Bruce Davis: The U.S. District Court of Oregon recently dismissed the final of three consolidated securities class action lawsuits that were filed against the Company and certain of its current and former executive officers, arising from accounting errors discovered by the Company in 2004 and rectified through a restatement of certain prior period financial statements. 

These decisions fit nicely into trends of improving operating and financial performance, helping to re-energize the Company as we put this chapter behind us and focus on customer satisfaction, market leadership, and the exciting business opportunities ahead. At a recent investor conference, we believe you described Digimarc's vision as having its digital watermarking technology in all media objects. Please give our audience an overview of the Company’s business model as it supports this vision.

Bruce Davis: Digimarc’s vision is to improve the value of media content through technology. Our mission is two-fold:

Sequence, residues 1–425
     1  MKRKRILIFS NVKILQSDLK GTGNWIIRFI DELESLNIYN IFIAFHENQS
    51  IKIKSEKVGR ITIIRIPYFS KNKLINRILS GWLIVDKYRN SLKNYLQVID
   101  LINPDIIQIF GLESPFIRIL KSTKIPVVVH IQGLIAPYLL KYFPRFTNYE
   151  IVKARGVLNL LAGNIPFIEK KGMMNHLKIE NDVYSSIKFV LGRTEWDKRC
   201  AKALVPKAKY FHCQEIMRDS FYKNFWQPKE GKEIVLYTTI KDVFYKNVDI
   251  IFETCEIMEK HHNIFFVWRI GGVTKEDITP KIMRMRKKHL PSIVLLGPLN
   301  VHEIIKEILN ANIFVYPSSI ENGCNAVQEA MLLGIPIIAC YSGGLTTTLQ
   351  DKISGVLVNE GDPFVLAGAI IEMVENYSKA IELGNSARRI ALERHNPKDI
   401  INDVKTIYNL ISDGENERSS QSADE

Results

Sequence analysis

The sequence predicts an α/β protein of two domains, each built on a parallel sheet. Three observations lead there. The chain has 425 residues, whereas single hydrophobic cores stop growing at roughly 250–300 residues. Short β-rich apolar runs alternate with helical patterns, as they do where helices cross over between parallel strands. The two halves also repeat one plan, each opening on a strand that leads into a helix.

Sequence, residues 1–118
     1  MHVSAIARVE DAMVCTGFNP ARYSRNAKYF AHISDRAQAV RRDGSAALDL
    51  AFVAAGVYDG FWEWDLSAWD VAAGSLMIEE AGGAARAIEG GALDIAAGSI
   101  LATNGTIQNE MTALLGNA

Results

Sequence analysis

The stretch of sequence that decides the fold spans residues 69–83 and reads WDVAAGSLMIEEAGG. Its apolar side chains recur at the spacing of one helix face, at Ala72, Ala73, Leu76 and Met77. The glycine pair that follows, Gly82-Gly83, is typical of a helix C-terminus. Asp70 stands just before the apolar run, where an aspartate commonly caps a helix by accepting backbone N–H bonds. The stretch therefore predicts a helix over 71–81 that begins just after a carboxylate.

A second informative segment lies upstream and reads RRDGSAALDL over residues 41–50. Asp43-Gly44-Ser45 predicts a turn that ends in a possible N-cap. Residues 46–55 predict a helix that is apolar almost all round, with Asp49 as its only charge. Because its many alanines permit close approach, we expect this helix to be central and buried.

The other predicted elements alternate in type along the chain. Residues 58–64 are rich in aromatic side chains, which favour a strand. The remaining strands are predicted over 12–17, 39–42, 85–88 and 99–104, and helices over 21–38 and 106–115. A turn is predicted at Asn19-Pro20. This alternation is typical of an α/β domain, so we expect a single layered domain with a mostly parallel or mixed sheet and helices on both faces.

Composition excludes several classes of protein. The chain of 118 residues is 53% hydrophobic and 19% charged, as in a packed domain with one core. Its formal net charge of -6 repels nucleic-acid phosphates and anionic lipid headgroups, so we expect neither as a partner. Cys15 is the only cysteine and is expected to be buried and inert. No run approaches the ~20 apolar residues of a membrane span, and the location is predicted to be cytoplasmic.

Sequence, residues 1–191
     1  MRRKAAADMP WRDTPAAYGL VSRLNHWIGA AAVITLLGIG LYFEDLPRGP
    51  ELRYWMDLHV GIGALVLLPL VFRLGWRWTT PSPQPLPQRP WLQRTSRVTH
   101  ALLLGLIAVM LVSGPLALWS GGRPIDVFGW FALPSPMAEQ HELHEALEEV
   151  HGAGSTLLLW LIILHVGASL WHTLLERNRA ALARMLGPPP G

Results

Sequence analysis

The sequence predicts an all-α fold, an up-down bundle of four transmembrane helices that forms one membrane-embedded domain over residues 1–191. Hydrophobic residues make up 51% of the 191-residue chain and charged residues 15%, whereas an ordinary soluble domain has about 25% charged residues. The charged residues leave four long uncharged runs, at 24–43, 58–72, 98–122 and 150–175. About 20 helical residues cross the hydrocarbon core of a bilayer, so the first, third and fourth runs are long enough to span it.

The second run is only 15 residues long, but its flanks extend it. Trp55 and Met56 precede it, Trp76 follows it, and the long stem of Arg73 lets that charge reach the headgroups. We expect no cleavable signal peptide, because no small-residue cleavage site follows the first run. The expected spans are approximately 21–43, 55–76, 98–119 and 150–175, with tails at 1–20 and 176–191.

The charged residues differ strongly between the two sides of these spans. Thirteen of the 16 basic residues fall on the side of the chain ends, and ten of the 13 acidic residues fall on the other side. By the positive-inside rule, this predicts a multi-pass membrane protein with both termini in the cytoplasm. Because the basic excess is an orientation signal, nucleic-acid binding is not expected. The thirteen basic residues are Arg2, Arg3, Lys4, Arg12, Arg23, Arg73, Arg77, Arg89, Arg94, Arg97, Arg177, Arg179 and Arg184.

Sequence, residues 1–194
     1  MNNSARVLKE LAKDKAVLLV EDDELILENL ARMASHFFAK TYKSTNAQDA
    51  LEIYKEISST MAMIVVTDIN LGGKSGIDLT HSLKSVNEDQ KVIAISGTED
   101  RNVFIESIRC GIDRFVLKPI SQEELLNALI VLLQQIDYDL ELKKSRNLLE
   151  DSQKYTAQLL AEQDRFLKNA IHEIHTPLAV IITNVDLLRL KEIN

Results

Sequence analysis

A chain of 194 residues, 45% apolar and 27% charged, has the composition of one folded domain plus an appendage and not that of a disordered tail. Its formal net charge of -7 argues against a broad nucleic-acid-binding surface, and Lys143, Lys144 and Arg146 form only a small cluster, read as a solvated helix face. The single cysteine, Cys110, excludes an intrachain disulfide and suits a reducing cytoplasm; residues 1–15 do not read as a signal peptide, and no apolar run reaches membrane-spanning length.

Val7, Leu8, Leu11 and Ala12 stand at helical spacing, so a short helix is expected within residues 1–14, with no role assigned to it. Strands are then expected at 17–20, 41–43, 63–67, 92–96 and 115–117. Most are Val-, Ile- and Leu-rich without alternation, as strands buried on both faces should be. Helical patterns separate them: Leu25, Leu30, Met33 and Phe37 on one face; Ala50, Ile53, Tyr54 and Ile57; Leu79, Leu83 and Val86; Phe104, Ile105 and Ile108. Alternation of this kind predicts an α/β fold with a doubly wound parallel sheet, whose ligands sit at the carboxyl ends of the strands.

• To foster large-scale adoption of digital watermarking solutions licensed under
        the Company’s intellectual property
     • To be the most desired profitable supplier of driver license issuance systems

Today, the substantial majority of the Company’s revenues arise from provision of mission critical solutions to government agencies pursuant to long-term contracts — primarily U.S. state government agencies engaged in the issuance of driver licenses, a consortium of leading Central Banks, and national governments of certain foreign countries.

The remainder of the Company’s revenues is generated primarily from patent and technology license fees paid by business partners providing media and rights management solutions to movie studios and music labels, television and radio broadcasters, corporations, and creative professionals.

Our digital watermarking technology is a breakthrough that allows our customers to infuse digital data into all media content that is digitally-processed at some point during its lifecycle. The technology can be applied to printed materials, video, audio, and images. The inclusion of such digital data enables a wide range of improvements in security and media management, and enables new business models. We use digital watermarking as a value driver and differentiator in nearly all of our product offerings.